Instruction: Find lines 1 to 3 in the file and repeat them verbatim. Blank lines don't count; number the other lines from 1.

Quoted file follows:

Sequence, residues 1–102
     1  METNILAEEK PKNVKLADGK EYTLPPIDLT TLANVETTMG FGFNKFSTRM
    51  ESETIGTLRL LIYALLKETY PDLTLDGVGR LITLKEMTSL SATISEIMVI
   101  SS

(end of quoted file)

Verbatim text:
Sequence, residues 1–102
     1  METNILAEEK PKNVKLADGK EYTLPPIDLT TLANVETTMG FGFNKFSTRM
    51  ESETIGTLRL LIYALLKETY PDLTLDGVGR LITLKEMTSL SATISEIMVI